Sushi Ishibashi Masakazu
While most consider luxury and casual as opposite concepts, a young sushi master with a brand new vision is aiming to bring them under the same roof. Renowned for its dynamic ideas and international mindset, Ishibashi Masakazu has become the latest culinary sensation at the heart of Tokyo’s high-end dining scene.
Trained overseas and freed from old ways of thinking, Chef Masakazu Ishibashi is unafraid to experiment with the world’s best delicacies from fatty tuna to caviar. Dressed in soft-colored silk kimonos, Ishibashi and his wife greet every guest with gentle smiles, creating an inviting atmosphere where you can relax and enjoy the highest quality meal, without formality.
Everything about the restaurant reflects Ishibashi’s pure vision and kind character, and thus taking his full name. From the ceiling to the walls, he has selected the finest craftsmen to design a sophisticated interior. Unlike many high-end sushi restaurants, he uses light colors and bright lighting, creating a sense of warmth and openness. The collection of selected ceramics is all of gentle colors and delicate designs too.
The wide counter is made flat and low so that nothing bars the chef and the guests. On the wall behind him, you can’t help but notice the intricately decorated wooden chest with silver latches. They are doors to the fridge where all the fish is kept. The panels are designed by a craftsman of makie, an ancient design technique that decorates using gold and other powders on lacquer.
His deep appreciation for both local and global cultures have led him to build an international client base and a network of like-minded craftsmen. The beautiful woodblock signage at the restaurant’s entrance is a work of Koki Sugita, a renowned Japanese calligraphy artist based in New York.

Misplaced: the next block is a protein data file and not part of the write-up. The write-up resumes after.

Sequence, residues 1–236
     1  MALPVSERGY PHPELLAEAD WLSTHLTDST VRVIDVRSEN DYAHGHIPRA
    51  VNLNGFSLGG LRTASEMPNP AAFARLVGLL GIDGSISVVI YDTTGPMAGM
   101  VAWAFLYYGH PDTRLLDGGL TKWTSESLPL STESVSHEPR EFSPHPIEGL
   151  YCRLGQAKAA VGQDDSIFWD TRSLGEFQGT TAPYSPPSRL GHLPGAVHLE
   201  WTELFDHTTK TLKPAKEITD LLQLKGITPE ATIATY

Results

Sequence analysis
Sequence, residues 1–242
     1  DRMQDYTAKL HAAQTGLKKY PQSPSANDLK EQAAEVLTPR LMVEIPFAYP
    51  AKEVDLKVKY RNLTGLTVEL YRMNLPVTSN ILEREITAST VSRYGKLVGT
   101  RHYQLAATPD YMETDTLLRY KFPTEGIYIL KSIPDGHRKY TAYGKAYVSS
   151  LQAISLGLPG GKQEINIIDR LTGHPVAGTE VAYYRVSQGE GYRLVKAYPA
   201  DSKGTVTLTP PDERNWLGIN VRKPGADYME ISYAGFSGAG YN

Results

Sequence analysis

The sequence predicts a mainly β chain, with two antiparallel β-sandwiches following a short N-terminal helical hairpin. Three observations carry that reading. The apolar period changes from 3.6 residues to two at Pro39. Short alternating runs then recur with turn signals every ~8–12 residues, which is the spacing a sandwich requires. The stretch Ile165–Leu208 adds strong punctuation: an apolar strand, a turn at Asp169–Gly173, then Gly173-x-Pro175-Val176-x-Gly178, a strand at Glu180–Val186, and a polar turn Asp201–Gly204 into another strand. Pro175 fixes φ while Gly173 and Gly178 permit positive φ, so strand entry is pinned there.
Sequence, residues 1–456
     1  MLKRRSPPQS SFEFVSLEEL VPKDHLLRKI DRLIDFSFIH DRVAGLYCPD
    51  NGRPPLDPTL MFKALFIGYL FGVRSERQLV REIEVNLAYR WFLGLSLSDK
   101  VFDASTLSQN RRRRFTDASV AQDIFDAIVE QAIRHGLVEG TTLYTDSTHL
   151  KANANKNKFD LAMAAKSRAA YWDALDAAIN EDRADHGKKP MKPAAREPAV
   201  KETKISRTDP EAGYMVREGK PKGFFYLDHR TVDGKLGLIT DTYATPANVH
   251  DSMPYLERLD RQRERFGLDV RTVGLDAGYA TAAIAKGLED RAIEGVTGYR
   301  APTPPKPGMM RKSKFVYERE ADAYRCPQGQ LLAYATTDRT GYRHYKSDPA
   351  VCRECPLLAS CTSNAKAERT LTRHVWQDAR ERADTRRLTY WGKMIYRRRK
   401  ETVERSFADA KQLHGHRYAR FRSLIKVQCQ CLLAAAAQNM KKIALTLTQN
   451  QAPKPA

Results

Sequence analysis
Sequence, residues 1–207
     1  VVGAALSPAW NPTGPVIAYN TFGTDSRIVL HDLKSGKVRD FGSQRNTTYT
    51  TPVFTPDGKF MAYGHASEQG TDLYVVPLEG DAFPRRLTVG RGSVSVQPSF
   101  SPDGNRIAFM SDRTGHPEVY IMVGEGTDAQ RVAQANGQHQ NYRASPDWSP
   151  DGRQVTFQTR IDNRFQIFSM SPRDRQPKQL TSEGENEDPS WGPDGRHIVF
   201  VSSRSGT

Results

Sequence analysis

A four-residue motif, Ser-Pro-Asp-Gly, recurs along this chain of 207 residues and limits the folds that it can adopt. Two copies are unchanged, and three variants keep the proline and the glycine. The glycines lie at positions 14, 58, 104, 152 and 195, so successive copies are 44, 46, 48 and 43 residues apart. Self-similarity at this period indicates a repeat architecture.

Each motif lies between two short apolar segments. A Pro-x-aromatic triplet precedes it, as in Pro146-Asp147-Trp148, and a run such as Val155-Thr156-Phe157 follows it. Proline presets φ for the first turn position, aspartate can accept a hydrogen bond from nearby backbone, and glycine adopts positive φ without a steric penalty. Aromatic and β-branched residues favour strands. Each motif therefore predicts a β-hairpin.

Experimental, creative and entertaining
The omakase menu, which means that you leave the selection to the chef, is a mix of six tsumami dishes and 15 kinds of sushi.
Every tsumami course comes with great thought and preparation, including a careful selection of what piece of ceramic it should be presented on.
Served in glass tea cup with a golden rim and a decorative silver lid is a breathtaking dish of grey prawns coated in egg yolk sauce and topped with caviar. A piece of sweet nodoguro is served with peppery sansho herb, mountain yams and myoga ginger. The trio of aromatic vegetables, each with a different and refreshing flavor, balances the fattiness of the rich fish.
Steamed abalone is so flavorful it needs to be enjoyed twice. Served in two matching ceramic bowls, you first sip the broth, simply flavored only with the shellfish and fresh seaweed. Then, the soft and tender flesh packed in deep umami from the sea. Behind each sushi course hides many secrets too. The akami, the red meaty slices of tuna, is rested for over a week for its flavor to deepen but not losing its freshness. Kinmedai, golden eye snapper, is rested for as long as two weeks, and sayori halfbeak is infused in kombu for greater umami.
Ishibashi is very selective of his tuna and only serves the best he can find at the Tsukiji market. The generous slice of marbled fatty otoro tuna gently hugs around the rice, tinted with red vinegar. The fresh sea urchin is so creamy and soft it starts melting over the warm rice as it’s made. To not waste seconds, Ishibashi passes the roll straight into the guest’s hand while the seaweed is still freshly crisp.
The rice is a blend of Nanatsuboshi and Akitakomachi with the former being more flavorful while the latter adds more texture. He also pays careful attention to the temperature of the rice as he believes that warmer rice is more tasty, again a move away from the traditional rules of edomae sushi.
Ishibashi makes daily trips to Tsukiji for the best fish. Among all, Ishibashi has the greatest passion for tuna. He buys from Tsukiji’s Hicho, one of the most established tuna suppliers, and is selective about specific technique and styles that were used to catch the fish. Another of his favorite ingredients is the Aosa seaweed from Kyushu. He likes it for its crispness and deep aroma.
Most of Ishibashi’s tableware is kyo yaki, decorated Japanese ceramics produced in Kyōto, ranging from antiques to modern designs. At times he incorporate tools from tea ceremony as tableware. Again, he likes to experiment with traditions. The sake bottles are his wife’s tasteful selection. Many are with delicate designs such as a bottle with beautiful flowers drawn at the bottom of the ceramic. She likes to match the bottles to the flavors of the sake, making the drinking even more enjoyable.
- The price includes our booking fee of ￥8,000
- The price includes our booking fee of ￥8,000